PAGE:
Voters overwhelmingly affirmed continuation of Commonwealth status with Other referendums have been subsequently held to determine the political status of Puerto Rico, in and in In all three of these, the status quo has been upheld; there was no strong feeling in favor of independence or statehood.

The Puerto Rican status referendum, occurred on November 6, Of votes for new status, a In all earlier referenda, votes for statehood were matched almost equally by votes for remaining an American territory, with the remainder for independence.

Support for U. The Puerto Rican status referendum, occurred on June 11, However, the Trump administration cited changes in demographics during the past 5 years to add the option once again.

Amendments to the plebiscite bill were adopted making ballot wording changes requested by the U. Department of Justice, as well as adding a "current territorial status" option.

Colonialism is not an option The latter is currently prohibited. Regardless of the outcome of the referendum, action by the United States Congress would be necessary to implement changes to the status of Puerto Rico under the Territorial Clause of the United States Constitution.

While the eye of Category 5 Hurricane Irma passed north of the island on September 5, , winds were sufficient to leave 1 million citizens without power.

Coffee was a major industry before the s. Arabica beans were introduced to the island in Production soared in the central mountainous area after because of cheap land, a low-paid and plentiful workforce, good credit facilities, and a growing market in the U.

Decline set in after , and the end came with a major hurricane in and the s depression. The island's social and economic structure modernized after , with new infrastructure such as roads, ports, railroads and telegraph lines, and new public health measures.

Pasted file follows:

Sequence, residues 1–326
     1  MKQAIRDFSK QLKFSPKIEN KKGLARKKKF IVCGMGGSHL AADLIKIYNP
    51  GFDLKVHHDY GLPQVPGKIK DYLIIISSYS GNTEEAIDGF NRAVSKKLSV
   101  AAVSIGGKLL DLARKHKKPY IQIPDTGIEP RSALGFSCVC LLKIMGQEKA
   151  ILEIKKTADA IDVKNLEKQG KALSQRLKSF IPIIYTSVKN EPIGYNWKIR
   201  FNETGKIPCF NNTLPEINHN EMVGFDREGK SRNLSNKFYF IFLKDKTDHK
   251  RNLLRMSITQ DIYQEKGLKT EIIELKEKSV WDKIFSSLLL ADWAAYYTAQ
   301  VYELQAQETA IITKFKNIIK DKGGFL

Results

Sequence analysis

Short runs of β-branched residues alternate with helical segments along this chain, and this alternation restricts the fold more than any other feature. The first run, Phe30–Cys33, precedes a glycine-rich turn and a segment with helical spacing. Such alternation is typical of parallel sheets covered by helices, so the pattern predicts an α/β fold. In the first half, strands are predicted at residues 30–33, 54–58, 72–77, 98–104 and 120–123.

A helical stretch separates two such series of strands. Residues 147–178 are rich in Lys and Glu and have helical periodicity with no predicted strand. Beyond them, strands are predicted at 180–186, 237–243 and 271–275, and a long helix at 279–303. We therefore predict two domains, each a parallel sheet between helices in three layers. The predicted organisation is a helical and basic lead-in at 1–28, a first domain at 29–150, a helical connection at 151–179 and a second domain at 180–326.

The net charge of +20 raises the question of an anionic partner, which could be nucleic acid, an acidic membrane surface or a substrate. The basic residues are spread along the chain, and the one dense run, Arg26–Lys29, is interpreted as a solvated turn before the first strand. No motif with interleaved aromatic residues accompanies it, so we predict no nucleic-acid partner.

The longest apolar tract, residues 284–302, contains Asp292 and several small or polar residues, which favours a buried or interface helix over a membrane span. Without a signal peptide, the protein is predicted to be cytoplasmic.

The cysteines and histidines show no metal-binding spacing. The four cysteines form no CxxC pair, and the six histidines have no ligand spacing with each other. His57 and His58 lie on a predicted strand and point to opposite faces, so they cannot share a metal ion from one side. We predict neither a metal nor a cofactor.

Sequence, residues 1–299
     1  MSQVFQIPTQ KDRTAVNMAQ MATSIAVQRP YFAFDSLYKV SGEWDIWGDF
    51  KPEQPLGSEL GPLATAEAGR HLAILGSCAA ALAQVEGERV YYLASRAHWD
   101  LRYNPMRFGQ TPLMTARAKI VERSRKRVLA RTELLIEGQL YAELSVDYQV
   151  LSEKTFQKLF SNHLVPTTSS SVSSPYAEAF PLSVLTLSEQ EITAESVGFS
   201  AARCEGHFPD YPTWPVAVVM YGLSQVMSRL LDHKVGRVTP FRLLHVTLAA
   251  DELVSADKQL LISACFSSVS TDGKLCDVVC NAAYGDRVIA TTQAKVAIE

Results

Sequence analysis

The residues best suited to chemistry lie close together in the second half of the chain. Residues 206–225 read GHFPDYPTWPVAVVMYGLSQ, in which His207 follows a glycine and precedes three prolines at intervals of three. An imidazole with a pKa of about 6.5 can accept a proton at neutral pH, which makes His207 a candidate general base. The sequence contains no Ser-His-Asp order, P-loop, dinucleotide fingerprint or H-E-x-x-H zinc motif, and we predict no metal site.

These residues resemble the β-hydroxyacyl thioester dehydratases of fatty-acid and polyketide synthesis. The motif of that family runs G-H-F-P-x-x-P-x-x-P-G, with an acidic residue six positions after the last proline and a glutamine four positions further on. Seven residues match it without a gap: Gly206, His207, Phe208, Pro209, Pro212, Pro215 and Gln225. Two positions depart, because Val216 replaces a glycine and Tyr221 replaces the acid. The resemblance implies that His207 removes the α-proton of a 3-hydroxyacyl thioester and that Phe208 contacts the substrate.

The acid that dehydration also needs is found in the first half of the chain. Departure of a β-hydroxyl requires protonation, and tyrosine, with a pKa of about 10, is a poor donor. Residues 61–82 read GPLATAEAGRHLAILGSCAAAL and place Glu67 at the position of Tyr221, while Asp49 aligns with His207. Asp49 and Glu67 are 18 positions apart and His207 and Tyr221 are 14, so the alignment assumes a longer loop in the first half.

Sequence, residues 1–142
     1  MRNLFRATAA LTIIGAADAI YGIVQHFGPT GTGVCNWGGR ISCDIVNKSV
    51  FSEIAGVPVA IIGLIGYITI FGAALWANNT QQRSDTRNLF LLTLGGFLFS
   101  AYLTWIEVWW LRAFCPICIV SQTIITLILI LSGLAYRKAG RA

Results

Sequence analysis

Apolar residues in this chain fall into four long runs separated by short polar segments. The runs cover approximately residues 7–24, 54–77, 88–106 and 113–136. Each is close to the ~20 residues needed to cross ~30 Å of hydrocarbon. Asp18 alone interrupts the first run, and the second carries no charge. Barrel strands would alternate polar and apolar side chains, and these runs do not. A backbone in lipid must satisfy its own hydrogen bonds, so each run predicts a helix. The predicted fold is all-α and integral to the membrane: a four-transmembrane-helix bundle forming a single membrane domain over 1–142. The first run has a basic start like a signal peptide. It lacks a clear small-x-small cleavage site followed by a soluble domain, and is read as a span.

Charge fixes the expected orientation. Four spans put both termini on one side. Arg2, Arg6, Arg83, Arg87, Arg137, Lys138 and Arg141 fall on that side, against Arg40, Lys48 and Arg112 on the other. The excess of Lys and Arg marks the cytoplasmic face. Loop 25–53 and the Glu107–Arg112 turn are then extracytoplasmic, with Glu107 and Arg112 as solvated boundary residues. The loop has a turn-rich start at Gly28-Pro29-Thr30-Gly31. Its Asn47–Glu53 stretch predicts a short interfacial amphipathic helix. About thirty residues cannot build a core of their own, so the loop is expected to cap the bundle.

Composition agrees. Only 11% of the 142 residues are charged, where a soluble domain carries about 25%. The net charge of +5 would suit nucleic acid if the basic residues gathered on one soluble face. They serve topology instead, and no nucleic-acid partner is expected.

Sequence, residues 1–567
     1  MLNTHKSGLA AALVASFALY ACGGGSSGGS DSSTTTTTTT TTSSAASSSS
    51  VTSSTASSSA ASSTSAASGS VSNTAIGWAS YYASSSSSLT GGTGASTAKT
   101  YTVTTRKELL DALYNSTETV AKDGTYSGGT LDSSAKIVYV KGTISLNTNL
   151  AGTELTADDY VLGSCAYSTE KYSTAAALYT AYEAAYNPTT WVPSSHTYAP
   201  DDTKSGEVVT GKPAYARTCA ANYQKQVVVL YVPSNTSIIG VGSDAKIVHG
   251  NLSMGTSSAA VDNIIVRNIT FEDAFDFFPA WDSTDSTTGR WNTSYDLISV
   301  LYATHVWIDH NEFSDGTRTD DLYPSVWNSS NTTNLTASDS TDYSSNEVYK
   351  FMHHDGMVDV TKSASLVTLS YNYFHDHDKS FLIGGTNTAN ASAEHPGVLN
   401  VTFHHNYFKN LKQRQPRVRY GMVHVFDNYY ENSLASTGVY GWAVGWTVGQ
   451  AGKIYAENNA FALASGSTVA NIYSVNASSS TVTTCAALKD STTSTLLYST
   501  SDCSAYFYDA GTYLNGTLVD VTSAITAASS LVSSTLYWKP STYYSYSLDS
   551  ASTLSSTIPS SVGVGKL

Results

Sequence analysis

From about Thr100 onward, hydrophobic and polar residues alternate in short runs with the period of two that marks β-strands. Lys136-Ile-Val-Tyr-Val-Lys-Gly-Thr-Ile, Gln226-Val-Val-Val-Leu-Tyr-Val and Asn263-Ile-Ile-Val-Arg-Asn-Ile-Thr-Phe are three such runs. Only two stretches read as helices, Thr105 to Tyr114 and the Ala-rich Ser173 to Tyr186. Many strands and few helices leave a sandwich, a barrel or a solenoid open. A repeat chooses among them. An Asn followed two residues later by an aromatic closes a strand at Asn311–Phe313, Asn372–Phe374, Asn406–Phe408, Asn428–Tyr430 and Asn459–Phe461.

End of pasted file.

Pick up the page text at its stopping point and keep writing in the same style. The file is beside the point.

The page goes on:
The high infant mortality death rate of the late 19th century declined steadily, thanks in large measure to basic public health programs.

Land tenure did not become concentrated in fewer hands, but incomes increased as American agribusiness and capital investments arrived.

The land tenure system in the firm control of local farmers small, medium, and large. In the s, the economy of Puerto Rico boomed. A dramatic increase in the price of sugar, Puerto Rico's principal export, brought cash to the farmers.

As a result, the island's infrastructure was steadily upgraded. New schools, roads and bridges were constructed. The increase in private wealth was reflected in the erection of many residences, while the development of commerce and agriculture stimulated the extension of banking and transport facilities.

This period of prosperity came to an end in with the onset of the Great Depression. At the time, agriculture was the main contributor to the economy.

The agricultural production, the principal economic driver for the island, came to a standstill. Under President Franklin D. Funds were made available for construction of new housing, infrastructure, including transportation improvements and other capital investment to improve island conditions.

In , a new federal minimum wage law was passed, establishing it at 25 cents an hour. As a consequence, two-thirds of the island's textile factories closed because they could not be profitable while paying workers at that level.